Location: Infectious Bacterial Diseases ResearchTitle: Role of intraocular Leptospira infections in the pathogenesis of Equine Recurrent Uveitis in the Southern United States
|Polle, Florence - Louisiana State University|
|Storey, Eric - Louisiana State University|
|Eades, Susan - Louisiana State University|
|Zuerner, Richard - Retired ARS Employee|
|Carter, Renee - Louisiana State University|
Submitted to: Equine Veterinary Journal
Publication Type: Peer Reviewed Journal
Publication Acceptance Date: 9/14/2014
Publication Date: 12/1/2014
Citation: Polle, F., Storey, E., Eades, S., Alt, D.P., Hornsby, R.L., Zuerner, R., Carter, R. 2014. Role of intraocular Leptospira infections in the pathogenesis of equine recurrent uveitis in the Southern United States. Journal of Equine Veterinary Science. 34(11-12):1300-1306.
Interpretive Summary: Leptospira spp are pathogens that can cause clinical illness in livestock and humans. A disease syndrome in horses, recurrent uveitis, has been linked to infection of horses with Leptospira spp. In this study, we used serology, PCR, and bacterial culture methods to evaluate the association between recurrent uveitis in horses and Leptospira infection. We found that 71% of horses exhibiting recurrent uveitis symptoms have some indication of Leptopsira exposure, compared to 4.7% of control horses which did not demonstrate symptoms. Our study indicates an association between Leptospira infection and recurrent uveitis in horses. This work will be of value to livestock owners and veterinarians in guiding treatment options for horses demonstrating clinical symptoms of recurrent uveitis. Because Leptospira can cause human infections, this work may also have public health implications in that cases of recurrent uveitis may indicate a potential risk for clinical disease in humans.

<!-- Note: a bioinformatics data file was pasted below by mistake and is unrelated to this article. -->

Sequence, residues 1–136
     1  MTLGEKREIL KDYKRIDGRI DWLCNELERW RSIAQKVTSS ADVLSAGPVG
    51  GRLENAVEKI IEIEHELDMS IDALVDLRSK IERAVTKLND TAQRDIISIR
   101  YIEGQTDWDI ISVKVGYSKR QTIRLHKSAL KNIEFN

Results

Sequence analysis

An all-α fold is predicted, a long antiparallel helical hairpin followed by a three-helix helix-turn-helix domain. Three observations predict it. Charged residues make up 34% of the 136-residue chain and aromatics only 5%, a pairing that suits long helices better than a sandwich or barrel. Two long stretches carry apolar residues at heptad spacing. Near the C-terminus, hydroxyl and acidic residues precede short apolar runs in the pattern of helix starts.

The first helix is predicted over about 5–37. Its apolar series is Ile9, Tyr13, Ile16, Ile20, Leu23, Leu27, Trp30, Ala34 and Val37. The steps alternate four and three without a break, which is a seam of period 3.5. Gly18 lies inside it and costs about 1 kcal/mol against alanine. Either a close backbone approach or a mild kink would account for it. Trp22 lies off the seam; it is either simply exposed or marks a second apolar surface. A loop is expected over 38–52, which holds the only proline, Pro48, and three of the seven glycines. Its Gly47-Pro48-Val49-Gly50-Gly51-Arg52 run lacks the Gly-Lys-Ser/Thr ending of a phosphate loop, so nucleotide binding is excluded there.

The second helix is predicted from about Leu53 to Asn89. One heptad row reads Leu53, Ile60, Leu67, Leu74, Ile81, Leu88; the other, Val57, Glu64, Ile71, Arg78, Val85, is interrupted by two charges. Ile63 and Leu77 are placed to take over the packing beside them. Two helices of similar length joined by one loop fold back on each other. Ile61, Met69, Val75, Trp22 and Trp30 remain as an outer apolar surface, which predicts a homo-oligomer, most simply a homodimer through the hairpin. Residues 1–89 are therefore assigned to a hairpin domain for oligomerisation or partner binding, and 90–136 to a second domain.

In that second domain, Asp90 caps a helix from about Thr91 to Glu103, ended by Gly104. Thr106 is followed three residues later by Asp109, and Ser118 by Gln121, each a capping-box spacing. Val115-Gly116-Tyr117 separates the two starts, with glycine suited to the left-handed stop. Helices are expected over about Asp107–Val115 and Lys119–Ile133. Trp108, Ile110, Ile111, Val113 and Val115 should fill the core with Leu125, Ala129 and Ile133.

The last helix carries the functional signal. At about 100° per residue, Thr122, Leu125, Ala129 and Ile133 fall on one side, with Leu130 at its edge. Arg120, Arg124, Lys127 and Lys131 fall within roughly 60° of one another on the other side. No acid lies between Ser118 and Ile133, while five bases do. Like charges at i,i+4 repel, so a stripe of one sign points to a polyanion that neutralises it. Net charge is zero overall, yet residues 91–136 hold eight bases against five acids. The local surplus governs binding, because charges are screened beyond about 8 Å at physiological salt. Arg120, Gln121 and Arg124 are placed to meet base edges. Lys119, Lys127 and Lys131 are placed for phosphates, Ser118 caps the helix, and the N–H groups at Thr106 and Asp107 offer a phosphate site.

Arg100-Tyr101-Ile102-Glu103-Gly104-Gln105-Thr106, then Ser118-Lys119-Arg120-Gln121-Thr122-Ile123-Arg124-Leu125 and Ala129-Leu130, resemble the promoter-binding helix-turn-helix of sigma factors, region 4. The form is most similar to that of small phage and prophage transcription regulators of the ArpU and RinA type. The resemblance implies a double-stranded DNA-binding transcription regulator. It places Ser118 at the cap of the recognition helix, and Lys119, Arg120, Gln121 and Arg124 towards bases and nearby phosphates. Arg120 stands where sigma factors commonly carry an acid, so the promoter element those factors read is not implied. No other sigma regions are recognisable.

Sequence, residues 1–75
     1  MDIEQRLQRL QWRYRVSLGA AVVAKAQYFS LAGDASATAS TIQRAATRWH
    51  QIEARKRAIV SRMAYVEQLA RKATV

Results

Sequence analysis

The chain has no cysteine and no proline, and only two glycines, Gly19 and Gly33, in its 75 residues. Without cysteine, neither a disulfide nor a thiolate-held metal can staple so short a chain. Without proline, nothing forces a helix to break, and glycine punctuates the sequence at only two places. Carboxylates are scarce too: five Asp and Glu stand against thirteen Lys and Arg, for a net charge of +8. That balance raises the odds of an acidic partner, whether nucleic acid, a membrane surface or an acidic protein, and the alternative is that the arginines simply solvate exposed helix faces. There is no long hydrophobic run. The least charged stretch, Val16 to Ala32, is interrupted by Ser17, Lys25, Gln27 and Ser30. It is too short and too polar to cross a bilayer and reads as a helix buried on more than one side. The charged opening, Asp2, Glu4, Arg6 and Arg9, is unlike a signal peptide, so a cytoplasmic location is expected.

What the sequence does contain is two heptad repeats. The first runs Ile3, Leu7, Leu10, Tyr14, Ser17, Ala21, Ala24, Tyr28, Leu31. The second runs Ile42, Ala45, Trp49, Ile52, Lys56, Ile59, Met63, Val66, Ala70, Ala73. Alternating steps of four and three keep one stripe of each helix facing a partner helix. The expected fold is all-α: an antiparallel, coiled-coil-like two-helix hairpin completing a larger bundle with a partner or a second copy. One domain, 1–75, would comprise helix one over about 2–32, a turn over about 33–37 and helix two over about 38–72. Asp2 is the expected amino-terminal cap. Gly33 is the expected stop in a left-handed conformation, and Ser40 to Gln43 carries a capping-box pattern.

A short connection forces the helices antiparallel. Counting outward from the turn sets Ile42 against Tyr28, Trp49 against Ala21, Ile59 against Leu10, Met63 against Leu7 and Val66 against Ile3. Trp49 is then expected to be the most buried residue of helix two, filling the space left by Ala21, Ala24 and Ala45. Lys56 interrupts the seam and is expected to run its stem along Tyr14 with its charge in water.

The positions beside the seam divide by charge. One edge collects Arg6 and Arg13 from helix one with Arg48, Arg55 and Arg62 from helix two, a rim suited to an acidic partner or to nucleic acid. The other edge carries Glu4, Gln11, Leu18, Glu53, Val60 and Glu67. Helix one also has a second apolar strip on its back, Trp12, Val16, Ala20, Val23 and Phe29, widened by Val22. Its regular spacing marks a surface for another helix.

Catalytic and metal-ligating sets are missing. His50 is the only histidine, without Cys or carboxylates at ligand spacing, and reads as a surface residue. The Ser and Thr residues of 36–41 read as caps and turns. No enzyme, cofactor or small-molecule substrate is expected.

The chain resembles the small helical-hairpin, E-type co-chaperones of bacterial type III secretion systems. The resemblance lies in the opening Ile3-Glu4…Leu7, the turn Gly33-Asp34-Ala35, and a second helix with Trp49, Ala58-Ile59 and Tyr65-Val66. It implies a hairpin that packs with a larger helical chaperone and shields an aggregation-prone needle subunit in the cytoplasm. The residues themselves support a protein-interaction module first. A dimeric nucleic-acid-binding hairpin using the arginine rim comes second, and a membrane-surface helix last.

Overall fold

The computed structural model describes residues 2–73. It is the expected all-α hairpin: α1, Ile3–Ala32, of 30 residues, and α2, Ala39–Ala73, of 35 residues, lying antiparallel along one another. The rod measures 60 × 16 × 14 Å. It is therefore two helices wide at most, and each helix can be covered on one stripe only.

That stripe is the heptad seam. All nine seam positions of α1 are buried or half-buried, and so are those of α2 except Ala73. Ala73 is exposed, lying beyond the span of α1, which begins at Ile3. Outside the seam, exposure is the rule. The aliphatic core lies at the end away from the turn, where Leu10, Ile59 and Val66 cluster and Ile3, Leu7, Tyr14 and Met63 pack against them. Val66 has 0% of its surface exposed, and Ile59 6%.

Technical Abstract: To investigate the role of intraocular leptospiral infections in horses with Equine Recurrent Uveitis (ERU) in the southern United States, blood and ocular fluid samples were collected from horses with a history and ocular findings consistent with ERU. Samples were also obtained from control horses with normal ophthalmic examinations. Leptospira serology was performed using microscopic agglutination test (MAT). Aqueous and vitreous humor samples were aseptically obtained and submitted for aerobic culture and Leptospira culture, PCR and MAT from twenty-one control horses (40 eyes) and 31 ERU horses (46 eyes). Serology results were available for 48/52 horses: 16/21 control and 23/27 affected horses were positive for at least one serovar; Bratislava was the most common serovar for both groups. Bacillus sp. and Micrococcus sp. were cultured from one control eye; Streptococcus sp. (n=1) and Leptospira (n=6) from eyes with ERU. Leptospira isolated belonged to serogroup Pomona (n=4) and Grippotyphosa (n=2). PCR results were positive in 14/31 (45%) horses diagnosed with ERU; no control horses were positive by PCR (p=0.0001). MAT was positive for 17/24 of ERU horses (71%) and 1/21 (4.7%) of normal horses (p<0.0001). Horses with ERU had a high prevalence of Leptospira infection based on PCR and MAT results from intraocular fluids compared to controls. The diagnosis of these intraocular infections was not aided by serology and required specific, invasive sampling of ocular fluid. Leptospira infection should be considered as a cause of ERU in the southern United States and treatment adapted accordingly.